Morning Report, Afternoon Edition

UPDATE: Harry Potter review posted here.

Since I’m still traveling today, I have to offer my Morning Report a little late.

1.  The recent sex scandal of John Ensign has (justifiably or not) brought into the spotlight “The Fellowship” or “The Family,” which is a network of evangelical Christians who seek to connect and influence people in positions of political and business leadership.  Jeff Sharlet published a book last year that was highly critical of the Fellowship, with a lot of ominous language, and Religion Dispatches hosted an interesting discussion of the group.  Especially worth reading, to my mind, is Randall Balmer’s critical review in the Washington Post.

2.  A major victory in Illinois for proponents of abortion parental involvement laws.

3.  John Yoo explains why the Bush administration endorsed warrantless wiretaps.  Yet some find recent revelations damning of the Bush administration.

4.  David Ignatius is very far from being a conservative, but he strongly objects to the way in which Congressional Democrats, and the Congress in general, are using the CIA as a political football.  I would have to agree.

5.  Some strong and sobering reflections on why so many kids go from youth groups to agnosticism in their college years.

6.  Christianity Today, on the occasion of the release of the new Harry Potter movie, offers some reflections on Harry Potter as a Christ figure.  One of the connected articles asks what Jonathan Edwards would think of Potter.  Interesting question.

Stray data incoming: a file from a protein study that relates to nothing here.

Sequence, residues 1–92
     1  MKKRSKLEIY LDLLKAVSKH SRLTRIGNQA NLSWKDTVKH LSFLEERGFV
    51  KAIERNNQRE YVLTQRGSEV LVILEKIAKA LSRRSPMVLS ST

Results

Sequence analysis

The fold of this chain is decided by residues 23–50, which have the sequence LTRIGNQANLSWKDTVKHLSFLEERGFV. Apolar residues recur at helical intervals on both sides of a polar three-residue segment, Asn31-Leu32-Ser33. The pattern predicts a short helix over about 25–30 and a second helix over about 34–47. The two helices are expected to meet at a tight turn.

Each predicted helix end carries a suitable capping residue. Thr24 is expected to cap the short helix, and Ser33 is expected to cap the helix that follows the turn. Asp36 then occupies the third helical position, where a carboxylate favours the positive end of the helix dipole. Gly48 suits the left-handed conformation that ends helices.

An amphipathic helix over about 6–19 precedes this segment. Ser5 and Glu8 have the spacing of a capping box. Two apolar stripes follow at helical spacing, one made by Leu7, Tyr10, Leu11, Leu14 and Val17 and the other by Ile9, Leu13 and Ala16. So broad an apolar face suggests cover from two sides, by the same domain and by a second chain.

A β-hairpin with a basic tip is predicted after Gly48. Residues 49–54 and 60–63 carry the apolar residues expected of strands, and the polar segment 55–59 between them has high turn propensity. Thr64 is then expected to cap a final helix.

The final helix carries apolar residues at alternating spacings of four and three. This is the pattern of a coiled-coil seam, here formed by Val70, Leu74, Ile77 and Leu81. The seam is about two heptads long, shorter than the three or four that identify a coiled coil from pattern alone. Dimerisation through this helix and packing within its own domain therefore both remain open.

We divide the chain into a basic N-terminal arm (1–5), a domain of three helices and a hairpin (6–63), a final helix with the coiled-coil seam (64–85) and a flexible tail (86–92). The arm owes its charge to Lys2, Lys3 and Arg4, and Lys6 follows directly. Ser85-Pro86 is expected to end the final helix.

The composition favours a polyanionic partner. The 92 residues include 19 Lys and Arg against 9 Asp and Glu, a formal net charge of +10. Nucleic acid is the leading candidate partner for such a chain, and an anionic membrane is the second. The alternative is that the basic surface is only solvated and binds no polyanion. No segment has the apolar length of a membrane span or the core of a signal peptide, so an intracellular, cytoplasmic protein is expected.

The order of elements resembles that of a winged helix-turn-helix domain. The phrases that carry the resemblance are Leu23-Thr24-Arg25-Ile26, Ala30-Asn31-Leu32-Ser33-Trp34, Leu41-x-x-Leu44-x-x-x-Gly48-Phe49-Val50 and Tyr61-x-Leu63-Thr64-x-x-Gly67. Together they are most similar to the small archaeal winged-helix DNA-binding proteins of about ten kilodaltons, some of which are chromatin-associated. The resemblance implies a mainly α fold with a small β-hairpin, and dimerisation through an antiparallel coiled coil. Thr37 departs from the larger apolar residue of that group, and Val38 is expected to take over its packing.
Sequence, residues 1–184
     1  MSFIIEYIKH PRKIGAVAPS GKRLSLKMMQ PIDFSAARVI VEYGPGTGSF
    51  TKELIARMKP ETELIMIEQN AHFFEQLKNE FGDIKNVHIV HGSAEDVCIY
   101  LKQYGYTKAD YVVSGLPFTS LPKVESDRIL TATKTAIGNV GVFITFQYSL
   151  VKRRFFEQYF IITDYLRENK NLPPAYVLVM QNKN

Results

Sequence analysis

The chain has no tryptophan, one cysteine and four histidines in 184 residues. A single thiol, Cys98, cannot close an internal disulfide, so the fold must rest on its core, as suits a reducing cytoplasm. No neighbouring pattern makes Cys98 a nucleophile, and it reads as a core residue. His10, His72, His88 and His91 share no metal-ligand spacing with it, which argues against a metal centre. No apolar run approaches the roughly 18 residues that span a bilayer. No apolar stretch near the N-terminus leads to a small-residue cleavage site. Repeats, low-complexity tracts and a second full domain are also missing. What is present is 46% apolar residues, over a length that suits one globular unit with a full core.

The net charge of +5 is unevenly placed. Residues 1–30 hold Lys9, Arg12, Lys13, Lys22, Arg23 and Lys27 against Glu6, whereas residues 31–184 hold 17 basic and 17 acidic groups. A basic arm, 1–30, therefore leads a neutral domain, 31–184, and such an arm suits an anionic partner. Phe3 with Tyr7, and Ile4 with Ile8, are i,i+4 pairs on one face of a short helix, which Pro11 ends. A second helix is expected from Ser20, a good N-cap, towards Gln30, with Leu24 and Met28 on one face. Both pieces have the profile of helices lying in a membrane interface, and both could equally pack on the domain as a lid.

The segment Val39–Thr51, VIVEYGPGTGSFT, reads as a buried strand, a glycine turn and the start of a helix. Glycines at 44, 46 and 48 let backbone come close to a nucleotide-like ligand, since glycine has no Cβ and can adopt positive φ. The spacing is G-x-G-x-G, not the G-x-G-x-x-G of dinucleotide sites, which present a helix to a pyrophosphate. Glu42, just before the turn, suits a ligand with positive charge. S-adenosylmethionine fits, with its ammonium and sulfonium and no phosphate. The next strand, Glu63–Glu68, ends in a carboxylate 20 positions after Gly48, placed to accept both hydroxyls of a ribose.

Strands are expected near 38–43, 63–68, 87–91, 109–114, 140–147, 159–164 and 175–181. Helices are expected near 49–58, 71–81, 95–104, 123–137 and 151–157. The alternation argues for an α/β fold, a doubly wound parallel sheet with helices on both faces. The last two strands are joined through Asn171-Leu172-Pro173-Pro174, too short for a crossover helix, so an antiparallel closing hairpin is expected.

(Sorry for the old pic)

(Sorry for the old pic)

I’m going to see the movie tonight; I’ll let you know what I think!

UPDATE: Harry Potter review posted here.

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Jesus and Harry Potter
About Timothy Dalrymple

Timothy Dalrymple was raised in non-denominational evangelical congregations in California. The son and grandson of ministers, as a young boy he spent far too many hours each night staring at the ceiling and pondering the afterlife.
In all his work he seeks a better understanding of why people do, and do not, come to faith, and researches and teaches in religion and science, faith and reason, theology and philosophy, the origins of atheism, Christology, and the religious transformations of suffering

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  • Annabel